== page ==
The study of galaxy evolution using quasar absorption lines requires an understanding of what components of galaxies and their surroundings are contributing to the absorption in various transitions. This paper considers the kinematic composition of the class of 0.4 < z < 1.0 Mg n absorbers, particularly addressing the question of what fraction of this absorption is produced in halos and what fraction arises from galaxy disks. We design models with various fractional contributions from radial infall of halo material and from a rotating thick disk component. We generate synthetic spectra from lines of sight through model galaxies and compare the resulting ensembles of Mg n profiles with the 0.4 ≤ z ≤ 1.0 sample observed with the Keck Telescope HIRES. We apply a battery of statistical tests and find that pure disk and pure halo models can be ruled out, but that various models with rotating disk and infall/ halo contributions can produce an ensemble that is nearly consistent with the data. A discrepancy in all models that we considered requires the existence of a kinematic component intermediate between halo and thick disk. The variety of Mg n profiles can be explained by the gas in disks and halos of galaxies being not very much different than galaxies in the local Universe. In any one case, there is considerable ambiguity in diagnosing the kinematic composition of an absorber from the low-ionization high-resolution spectra alone. Future data will allow galaxy morphologies, impact parameters and orientations, Fe H/Mg H of clouds, and the distribution of high-ionization gas to be incorporated into the kinematic analysis. Combining all these data will permit a more accurate diagnosis of the physical conditions along the line of sight through the absorbing galaxy.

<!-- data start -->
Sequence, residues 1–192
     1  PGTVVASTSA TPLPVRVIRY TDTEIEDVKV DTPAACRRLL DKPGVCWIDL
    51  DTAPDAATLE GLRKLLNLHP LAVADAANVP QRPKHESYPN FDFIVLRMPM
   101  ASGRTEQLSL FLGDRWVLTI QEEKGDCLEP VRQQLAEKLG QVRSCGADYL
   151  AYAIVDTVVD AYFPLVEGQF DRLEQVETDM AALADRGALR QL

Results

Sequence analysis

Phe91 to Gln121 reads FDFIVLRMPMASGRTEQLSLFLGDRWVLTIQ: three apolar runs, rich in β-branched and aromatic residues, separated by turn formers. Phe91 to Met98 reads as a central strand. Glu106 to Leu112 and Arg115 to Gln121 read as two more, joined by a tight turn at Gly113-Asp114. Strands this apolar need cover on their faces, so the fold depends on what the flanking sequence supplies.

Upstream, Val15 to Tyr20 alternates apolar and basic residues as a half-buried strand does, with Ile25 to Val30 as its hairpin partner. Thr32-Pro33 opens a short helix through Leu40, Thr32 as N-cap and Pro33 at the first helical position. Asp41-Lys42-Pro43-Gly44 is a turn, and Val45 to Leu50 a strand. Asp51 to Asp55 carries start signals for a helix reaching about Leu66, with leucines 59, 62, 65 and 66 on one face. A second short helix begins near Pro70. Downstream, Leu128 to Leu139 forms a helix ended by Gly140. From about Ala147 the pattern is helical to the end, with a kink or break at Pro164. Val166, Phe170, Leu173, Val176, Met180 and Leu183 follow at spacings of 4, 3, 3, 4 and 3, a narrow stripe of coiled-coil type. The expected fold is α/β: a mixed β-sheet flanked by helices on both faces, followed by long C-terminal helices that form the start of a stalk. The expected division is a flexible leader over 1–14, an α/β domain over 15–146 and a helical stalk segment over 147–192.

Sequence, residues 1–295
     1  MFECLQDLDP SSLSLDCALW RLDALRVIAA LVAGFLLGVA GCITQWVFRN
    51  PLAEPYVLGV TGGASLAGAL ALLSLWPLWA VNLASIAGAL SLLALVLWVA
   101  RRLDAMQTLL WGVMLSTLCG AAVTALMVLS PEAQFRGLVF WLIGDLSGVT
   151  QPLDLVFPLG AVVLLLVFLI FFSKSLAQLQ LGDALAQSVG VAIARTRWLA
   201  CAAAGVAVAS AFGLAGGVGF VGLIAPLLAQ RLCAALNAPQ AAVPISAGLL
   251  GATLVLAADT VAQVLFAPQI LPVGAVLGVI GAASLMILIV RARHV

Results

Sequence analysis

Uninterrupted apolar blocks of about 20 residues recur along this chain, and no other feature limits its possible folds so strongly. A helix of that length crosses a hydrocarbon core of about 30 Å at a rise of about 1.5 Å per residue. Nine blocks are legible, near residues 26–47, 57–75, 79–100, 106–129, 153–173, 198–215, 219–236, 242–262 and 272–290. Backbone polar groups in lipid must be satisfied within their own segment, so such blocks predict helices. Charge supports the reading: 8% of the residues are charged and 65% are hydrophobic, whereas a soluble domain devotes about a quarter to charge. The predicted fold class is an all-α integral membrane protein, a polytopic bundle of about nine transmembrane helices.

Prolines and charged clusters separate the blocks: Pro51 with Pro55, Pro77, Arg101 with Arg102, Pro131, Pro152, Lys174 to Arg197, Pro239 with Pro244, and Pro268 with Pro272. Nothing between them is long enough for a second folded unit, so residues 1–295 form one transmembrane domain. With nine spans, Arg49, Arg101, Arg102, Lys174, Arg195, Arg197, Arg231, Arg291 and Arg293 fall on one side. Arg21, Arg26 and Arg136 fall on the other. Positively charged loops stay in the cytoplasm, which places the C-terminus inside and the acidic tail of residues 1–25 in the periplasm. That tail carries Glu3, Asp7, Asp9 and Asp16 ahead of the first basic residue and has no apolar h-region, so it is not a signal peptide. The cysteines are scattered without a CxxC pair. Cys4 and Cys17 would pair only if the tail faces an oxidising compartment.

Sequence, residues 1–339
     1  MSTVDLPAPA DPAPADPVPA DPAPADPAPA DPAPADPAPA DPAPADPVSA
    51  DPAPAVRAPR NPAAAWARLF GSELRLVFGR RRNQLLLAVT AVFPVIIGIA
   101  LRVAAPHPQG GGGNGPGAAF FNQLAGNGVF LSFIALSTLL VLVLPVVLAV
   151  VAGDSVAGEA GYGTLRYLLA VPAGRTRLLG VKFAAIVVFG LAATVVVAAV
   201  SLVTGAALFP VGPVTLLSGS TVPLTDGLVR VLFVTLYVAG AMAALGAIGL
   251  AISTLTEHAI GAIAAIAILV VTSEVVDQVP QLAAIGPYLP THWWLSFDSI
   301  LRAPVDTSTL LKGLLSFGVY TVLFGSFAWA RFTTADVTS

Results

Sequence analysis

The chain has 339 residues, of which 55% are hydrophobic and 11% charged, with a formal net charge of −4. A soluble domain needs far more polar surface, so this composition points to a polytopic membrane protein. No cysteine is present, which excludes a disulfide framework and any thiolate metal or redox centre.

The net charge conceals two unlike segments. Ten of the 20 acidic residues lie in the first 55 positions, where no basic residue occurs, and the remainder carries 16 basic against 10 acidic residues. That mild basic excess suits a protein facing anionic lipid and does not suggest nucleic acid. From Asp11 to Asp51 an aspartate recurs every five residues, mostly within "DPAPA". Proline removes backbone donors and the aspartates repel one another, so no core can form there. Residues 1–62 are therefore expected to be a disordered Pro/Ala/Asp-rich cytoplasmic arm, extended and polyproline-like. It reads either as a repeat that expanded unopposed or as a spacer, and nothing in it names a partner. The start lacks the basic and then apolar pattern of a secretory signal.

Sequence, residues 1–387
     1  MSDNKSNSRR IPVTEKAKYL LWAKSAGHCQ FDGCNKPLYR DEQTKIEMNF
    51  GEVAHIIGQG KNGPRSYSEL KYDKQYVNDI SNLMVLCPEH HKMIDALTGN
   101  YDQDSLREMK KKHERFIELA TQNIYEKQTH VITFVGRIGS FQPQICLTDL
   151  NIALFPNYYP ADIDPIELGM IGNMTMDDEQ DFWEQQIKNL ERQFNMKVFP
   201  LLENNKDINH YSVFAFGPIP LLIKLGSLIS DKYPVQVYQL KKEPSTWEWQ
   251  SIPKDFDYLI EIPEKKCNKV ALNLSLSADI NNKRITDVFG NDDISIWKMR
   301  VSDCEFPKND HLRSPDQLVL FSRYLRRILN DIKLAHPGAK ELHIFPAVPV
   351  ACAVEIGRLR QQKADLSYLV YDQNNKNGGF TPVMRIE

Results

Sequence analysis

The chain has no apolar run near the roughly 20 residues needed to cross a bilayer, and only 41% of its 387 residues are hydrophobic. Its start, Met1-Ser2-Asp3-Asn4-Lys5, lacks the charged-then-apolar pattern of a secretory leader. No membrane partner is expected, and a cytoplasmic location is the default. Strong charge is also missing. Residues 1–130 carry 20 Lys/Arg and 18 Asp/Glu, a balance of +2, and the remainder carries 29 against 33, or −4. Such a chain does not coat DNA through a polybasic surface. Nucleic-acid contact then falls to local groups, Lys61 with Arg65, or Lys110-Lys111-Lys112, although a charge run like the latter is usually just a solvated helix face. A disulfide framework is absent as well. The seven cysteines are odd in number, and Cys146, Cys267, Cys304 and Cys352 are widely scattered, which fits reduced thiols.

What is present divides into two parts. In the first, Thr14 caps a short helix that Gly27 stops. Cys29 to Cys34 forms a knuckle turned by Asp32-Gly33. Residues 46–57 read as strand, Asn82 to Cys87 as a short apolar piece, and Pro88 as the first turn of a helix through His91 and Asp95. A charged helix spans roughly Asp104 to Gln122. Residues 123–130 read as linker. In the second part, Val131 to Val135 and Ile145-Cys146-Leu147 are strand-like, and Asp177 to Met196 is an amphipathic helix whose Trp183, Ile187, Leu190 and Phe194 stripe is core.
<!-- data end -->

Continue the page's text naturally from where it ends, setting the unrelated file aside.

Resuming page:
All Science Journal Classification (ASJC) codes
- Astronomy and Astrophysics
- Space and Planetary Science